Anyone that has already read my "infamous trilogy":
would want to combine all the stuff in one nice application. Here is such a combination, along with some new tips/techniques not discussed in the previous articles. It is implemented as a TSR which other apps can call for true multithreading in real, protected or long mode in raw dos.
Using this app you can create a DOS app that can:
- Use all your CPUS together
- Lock/Unlock mutexes
- Start threads in real,protected and long mode (and soon, virtualized mode).
You need flat assembler, and a freedos installation in some virtualization environement that can have multiple cores. VMWare works. DOSBox doesn't because it doesn't expose an ACPI. Bochs will work in the special SMP edition but only for real or protected mode.
- 1024 assembly books.
- 4.023 x 10^23 C++ lines written.
- 1 << 62 free space in your mind. The upper bits are reserved for the kernel.
- Lots of patience and humor :)
Locking the Mutex
Yes in Win32 you have the nice Mutex functions. But what about in raw DOS?
First, a word about spin loops. When a Win32 thread calls WaitForSingleObject, the kernel checks if the object is signaled and, if not, it does not schedule the thread for resuming. If there is no thread to be scheduled, the kernel halts the CPU code with the HLT instruction, until later. In our little program we own the system, there is no scheduler. So the code will simply spin loop until the mutex is available.
Therefore, one would expect code like this:
; BL is the index of this CPU
CMP [shared_var],0xFF ; shared_var would be 0xFF if mutex is released
MOV [shared_var],BL ; Lock it
Not so. The problem is that, when the mutex is released, another CPU might lock the variable before this code. That is, something might be executed after the JZ command but before the MOV command.
Therefore, we have to use some atomic operation to achieve the lock:
; BL is the index of this CPU
CMP [shared_val],BL ; Perhaps it is locked to us anyway
CMP [shared_val],0xFF ; Free
JZ .OutLoop1 ; Yes
pause ; equal to rep nop.
JMP .Loop1 ; Else, retry
; Lock is free, grab it
LOCK CMPXCHG [shared_val],BL
JNZ .Loop1 ; Write failed
.OutLoop2: ; Lock Acquired
The magic here is simple. We use the CMPXCHG instruction which, along with the LOCK prefix, atomically tests the shared val if it is still 0xFF (the value in AL), and if yes, then it writes BL to it and sets the ZF. If another cpu has grabbed the mutex, the ZF is cleared and BL is not moved to the shared_var. Most convenient.
The another interesting thing is the pause opcode, a hint to the cpu that we are inside a spin loop. This greatly improves performance since the CPU knows we are in a spin loop and therefore it will not prefetch code.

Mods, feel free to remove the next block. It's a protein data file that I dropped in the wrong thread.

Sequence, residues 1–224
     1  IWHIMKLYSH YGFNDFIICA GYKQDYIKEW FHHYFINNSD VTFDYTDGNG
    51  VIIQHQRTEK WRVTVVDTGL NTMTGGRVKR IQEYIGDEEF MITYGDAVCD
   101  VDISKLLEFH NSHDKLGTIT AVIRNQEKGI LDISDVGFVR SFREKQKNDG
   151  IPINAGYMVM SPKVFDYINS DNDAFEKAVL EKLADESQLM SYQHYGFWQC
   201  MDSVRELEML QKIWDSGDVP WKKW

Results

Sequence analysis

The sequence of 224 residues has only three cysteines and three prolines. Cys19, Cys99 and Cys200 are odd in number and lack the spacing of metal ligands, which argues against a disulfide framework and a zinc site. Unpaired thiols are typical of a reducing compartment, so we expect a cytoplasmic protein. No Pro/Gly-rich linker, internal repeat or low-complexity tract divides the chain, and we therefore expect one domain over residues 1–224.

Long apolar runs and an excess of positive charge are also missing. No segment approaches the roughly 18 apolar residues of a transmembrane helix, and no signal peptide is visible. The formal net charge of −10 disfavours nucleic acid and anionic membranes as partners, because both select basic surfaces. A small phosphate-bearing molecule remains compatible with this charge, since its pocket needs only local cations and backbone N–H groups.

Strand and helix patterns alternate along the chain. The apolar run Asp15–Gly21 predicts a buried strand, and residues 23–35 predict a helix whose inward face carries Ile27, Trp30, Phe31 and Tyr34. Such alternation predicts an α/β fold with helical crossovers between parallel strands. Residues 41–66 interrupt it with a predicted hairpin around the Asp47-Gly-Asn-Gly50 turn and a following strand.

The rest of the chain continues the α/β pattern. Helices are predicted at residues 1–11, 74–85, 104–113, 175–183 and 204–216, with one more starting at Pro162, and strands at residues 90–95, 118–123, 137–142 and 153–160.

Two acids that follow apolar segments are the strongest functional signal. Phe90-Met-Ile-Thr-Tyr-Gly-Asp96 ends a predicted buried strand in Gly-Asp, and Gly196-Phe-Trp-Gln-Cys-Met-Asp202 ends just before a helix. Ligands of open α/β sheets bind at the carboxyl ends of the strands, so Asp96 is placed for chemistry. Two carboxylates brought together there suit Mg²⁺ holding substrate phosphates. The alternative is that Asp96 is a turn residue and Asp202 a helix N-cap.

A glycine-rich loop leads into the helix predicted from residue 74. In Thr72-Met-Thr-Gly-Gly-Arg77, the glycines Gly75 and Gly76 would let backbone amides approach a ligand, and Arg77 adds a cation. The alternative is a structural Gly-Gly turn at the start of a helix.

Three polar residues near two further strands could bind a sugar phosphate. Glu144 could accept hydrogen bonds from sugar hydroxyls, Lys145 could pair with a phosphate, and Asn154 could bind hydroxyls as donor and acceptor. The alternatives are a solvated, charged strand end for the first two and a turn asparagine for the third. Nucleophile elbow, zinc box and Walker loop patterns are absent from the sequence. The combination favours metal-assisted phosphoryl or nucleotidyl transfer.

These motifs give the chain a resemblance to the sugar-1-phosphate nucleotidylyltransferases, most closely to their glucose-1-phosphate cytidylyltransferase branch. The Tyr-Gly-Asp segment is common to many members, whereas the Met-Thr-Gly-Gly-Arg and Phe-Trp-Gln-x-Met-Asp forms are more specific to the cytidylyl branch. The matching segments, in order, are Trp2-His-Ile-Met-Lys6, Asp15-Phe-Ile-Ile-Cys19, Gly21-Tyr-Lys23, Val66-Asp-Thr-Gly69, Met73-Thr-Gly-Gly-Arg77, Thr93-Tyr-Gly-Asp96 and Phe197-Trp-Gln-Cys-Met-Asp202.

Waking the CPUs
As we saw in the trilogy, we send the INIT and the SIPI. The CPU must start in a 4096-aligned address, so I 've filled an array with NOPs and adjust the startup address accordingly. They say that the CPU starts in real mode, but what I believe is that the CPU starts in unreal mode if the main CPU has already been switched to unreal mode. Most weird, but don't rely on it. Assume that it starts in real mode, as they say.
Therefore, a "SipiStart" routine would be like that:
db 4096 dup (144) ;
lidt fword [ds:RealIDT]; Load real mode interrupts in case they are not loaded
call FAR CODE16:EnterUnreal; Far call because CS is not CODE16 at this point
; Enable APIC
MOV EDX,[FS:EDI]; unreal mode, FS:EDI works.
mov di,StartSipiAddrOfs ; a dd that contains pre-configured jump to the actual routine for this CPU
jmp far [ds:di]
Anyway, to access the APIC, I have to enter unreal mode, so I call EnterUnreal. Note the FAR call; The segment value in which EnterUnreal begins is not the same with the CS which is loaded during the SIPI. A newly awoken CPU must also enable spurious vector and software APIC, as we have seen earlier. Finally, the code jumps far to the 'startup' address for the CPU, depending on the CPU index.
The APIC provides us a way to send a message to another CPU. Apart from INIT and SIPI, which we saw earlier, the local APIC can be used to send a 'normal' interrupt, i.e. merely executing INT XX in the context of the target CPU. We have to take into consideration the following:
- If the CPU is in HLT state, the interrupt awakes it, and when the interrupt returns the CPU resumes with the instruction after the HLT opcode. If there is also a CLI, then we must send a NMI interrupt (A flag in the APIC Interrupt Register) to wake the CPU.
- If the CPU is in HLT state and we send again an INIT and a SIPI, the CPU starts all over again from real mode.
- The interrupt must exist in the target processor. For example, in protected mode, the interrupt must have been defined in IDT.